I have a rendezvous with Death At some disputed barricade, When Spring comes back with rustling shade And apple-blossoms fill the air— I have a rendezvous with Death When Spring brings back blue days and fair.
It may be he shall take my hand And lead me into his dark land And close my eyes and quench my breath— It may be I shall pass him still. I have a rendezvous with Death On some scarred slope of battered hill, When Spring comes round again this year And the first meadow-flowers appear.
God knows ’twere better to be deep Pillowed in silk and scented down, Where Love throbs out in blissful sleep, Pulse nigh to pulse, and breath to breath, Where hushed awakenings are dear … But I’ve a rendezvous with Death At midnight in some flaming town, When Spring trips north again this year, And I to my pledged word am true, I shall not fail that rendezvous.
—Alan Seeger, I Have a Rendezvous with Death
The Intensive Care Unit is an uncomfortable place. It is where the sickest patients in the hospital reside. Because many of the patients require emergency medical interventions or close monitoring, the layout resembles that of the emergency department (ED). Patient rooms encircle a nurse’s station where computers sit on a long table. As in the ED, each room is filled with machines projecting vital signs, EKG tracings, IV fluid rates, and other information towards the physicians and nurses. And the nurses in “the unit” (as it’s commonly referred to) are always active, checking in on patients throughout the day and night.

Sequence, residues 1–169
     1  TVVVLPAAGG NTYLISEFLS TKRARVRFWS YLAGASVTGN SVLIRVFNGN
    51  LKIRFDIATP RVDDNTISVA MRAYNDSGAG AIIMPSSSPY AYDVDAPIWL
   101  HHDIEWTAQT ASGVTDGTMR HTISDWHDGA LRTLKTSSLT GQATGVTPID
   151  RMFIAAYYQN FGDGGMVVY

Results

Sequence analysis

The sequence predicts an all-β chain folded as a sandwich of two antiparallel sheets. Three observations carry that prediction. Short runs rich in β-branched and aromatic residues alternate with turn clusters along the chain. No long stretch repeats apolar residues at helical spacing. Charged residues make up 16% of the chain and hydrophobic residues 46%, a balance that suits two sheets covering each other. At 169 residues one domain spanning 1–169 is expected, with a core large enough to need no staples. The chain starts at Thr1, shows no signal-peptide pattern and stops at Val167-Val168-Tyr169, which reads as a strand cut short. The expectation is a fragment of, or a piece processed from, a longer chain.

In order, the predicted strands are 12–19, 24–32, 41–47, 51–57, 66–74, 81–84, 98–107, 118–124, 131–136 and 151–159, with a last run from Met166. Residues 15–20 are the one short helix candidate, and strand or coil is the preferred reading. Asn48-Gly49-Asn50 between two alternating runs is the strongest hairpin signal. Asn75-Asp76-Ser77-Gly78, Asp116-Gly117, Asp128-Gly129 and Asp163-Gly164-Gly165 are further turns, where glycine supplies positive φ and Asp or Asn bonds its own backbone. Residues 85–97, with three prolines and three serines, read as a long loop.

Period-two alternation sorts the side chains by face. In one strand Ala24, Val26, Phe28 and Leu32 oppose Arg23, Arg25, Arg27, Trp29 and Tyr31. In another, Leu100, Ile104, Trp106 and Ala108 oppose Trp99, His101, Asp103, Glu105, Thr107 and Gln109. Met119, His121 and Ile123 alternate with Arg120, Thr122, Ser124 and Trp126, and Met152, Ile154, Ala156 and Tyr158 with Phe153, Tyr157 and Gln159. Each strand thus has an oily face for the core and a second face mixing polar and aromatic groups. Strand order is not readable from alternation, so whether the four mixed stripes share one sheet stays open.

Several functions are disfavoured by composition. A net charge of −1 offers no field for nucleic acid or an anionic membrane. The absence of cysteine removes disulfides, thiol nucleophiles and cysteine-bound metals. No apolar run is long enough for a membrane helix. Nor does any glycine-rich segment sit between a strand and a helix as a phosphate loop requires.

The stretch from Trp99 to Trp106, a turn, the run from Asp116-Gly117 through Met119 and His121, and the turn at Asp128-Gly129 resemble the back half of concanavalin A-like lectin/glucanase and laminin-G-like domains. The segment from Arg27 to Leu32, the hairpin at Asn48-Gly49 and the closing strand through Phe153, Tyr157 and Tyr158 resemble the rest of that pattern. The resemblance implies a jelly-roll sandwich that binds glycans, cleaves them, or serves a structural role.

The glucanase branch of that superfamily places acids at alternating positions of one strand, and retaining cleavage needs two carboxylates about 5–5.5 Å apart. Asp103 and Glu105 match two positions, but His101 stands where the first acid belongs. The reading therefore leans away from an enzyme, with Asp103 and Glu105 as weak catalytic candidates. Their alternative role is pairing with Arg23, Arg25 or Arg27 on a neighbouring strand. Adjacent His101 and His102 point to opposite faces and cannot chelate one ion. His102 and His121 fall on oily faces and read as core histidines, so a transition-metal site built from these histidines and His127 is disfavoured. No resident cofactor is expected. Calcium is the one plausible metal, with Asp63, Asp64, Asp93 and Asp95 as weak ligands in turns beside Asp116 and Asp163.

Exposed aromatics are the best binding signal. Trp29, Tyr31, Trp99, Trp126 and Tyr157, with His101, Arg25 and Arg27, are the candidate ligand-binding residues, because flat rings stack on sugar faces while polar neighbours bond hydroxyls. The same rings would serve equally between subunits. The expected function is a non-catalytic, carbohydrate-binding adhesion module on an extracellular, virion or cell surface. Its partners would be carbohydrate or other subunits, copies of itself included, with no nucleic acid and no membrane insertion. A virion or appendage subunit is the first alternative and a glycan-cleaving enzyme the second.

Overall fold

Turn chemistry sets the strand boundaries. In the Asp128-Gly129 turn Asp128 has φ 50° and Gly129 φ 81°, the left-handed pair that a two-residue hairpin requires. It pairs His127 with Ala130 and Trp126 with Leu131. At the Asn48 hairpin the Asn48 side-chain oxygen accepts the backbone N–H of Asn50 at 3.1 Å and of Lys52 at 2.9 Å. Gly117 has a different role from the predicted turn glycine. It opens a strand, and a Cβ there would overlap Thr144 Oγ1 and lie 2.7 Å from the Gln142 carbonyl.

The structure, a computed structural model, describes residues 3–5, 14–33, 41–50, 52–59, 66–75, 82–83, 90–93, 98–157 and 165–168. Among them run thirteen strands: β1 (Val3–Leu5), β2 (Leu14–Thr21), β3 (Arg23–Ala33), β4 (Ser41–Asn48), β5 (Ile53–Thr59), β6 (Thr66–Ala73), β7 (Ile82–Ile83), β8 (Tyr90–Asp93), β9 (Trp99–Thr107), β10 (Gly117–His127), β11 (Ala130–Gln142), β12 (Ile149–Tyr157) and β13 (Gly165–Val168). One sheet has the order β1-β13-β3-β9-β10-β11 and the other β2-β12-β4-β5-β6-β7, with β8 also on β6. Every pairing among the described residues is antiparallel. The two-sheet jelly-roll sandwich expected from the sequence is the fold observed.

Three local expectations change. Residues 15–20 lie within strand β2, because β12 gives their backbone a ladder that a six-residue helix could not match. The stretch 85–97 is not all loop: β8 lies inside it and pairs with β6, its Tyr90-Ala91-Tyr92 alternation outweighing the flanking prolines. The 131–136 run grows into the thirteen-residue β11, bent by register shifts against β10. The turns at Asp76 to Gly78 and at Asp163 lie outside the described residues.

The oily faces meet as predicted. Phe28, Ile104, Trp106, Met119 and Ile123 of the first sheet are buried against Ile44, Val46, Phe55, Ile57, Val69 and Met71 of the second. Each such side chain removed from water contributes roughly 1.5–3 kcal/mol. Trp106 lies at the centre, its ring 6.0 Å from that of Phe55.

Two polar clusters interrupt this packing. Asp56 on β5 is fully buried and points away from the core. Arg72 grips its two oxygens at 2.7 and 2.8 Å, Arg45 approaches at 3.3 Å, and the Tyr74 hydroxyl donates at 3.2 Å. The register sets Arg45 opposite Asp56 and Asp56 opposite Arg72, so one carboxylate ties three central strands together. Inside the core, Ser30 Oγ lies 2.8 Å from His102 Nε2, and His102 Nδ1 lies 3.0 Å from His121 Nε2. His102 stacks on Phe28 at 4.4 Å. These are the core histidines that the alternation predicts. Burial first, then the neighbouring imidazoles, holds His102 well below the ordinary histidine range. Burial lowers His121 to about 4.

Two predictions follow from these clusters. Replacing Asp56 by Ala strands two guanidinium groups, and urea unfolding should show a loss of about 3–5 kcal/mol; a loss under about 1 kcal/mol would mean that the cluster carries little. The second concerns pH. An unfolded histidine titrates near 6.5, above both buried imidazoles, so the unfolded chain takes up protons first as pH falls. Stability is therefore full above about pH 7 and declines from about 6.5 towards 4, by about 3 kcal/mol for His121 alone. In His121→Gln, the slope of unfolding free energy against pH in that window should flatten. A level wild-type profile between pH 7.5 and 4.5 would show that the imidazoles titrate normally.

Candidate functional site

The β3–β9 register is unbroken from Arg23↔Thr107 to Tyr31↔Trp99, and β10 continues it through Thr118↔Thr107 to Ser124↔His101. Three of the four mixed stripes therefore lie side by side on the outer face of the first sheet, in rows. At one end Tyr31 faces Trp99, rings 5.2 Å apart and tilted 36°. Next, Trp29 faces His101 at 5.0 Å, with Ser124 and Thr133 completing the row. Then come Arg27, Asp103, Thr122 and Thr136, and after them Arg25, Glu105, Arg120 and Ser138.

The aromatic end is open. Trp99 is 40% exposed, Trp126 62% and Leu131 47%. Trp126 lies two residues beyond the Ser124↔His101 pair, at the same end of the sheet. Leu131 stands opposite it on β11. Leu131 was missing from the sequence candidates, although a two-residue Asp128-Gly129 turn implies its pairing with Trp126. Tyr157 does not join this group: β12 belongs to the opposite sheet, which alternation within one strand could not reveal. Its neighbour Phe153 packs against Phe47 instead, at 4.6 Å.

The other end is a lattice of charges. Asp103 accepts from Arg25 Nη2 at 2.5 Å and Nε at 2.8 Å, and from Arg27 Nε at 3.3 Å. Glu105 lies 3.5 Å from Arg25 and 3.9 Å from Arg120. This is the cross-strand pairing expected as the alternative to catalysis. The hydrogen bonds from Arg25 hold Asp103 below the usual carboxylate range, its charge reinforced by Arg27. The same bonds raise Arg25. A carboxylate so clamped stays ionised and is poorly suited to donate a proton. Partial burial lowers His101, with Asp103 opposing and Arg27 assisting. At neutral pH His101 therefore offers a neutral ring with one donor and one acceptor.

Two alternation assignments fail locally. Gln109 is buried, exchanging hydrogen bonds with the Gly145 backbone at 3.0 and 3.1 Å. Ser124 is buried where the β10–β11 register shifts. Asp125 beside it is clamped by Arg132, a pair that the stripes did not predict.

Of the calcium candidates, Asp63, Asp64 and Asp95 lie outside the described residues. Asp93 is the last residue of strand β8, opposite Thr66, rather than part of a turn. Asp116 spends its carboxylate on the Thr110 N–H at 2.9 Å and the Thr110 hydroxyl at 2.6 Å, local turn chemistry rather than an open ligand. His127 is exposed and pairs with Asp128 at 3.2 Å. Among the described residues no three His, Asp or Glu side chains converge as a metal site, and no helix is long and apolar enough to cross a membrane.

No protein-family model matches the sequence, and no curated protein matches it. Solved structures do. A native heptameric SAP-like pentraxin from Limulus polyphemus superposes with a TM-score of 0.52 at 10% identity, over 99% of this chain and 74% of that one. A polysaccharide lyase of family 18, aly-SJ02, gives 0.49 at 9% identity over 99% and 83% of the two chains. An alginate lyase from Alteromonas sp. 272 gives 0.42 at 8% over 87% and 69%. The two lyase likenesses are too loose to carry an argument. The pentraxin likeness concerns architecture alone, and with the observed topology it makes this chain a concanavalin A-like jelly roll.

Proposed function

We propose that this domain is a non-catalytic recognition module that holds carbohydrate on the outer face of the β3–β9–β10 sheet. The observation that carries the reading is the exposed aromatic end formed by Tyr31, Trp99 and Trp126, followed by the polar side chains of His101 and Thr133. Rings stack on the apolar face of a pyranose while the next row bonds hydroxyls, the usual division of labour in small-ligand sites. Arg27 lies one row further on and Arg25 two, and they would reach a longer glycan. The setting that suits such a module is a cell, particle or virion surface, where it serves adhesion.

There are many different types of intensive care units: some for patients with heart issues (cardiac ICU), others for patients with neurological issues (neuro ICU), pulmonary or general medical issues (medical ICU), surgical issues (surgical ICU) and cancers (oncology ICU). What we see in each unit, however, is equally disturbing. And what follows are the some of the things one might see (and which I have seen) in different ICUs over the course of a day.
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In the neuro critical care unit, one patient lies unconscious with a massive and deadly brain bleed. In another bed across the room, a patient with a rapidly expanding brain tumor cries out in searing pain from a headache. In the cardiac intensive care unit, a patient, hours after receiving a ventricular assist device (VAD), a device which helps the heart’s ventricles pump out blood after being weakened by disease, receives chest compressions from a nurse as he goes into cardiac arrest. Another unconscious patient in the far corner of the room is on ECMO, or extracorporeal membrane oxygenation, after having massive heart and lung failure. ECMO takes blood out of the venous system, oxygenates it in a machine and then pumps it back into the arterial system, thus bypassing the heart and the lungs. In the normal circulatory system, blood goes from the veins into the right side of the heart and subsequently to the lungs where it is oxygenated, flows to the left side of the heart and is pumped into circulation to nourish the body’s tissues. ECMO temporarily maintains circulation until the patient’s heart and lungs can function on their own.
In the oncology unit, a middle-aged cachetic patient lies face-up in the bed, staring at the ceiling while fungal and bacterial infections cause his blood pressure to drop and heart rate to increase. Despite the medications used to prevent these infections in cancer patients with very low white blood cell counts, sometimes the microbes sneak by. And because chemotherapy used to treat cancer destroys white blood cells, the cancer patient has nothing left with which to fight off the infection. Even the most minor bacterial invasion can be fatal for these patients, as it eventually was for him. Meanwhile, in the next room, another patient had just passed away and her family crowded around her bed sobbing and mourning their loss while holding the expired patient’s hand, hoping for the return of warmth.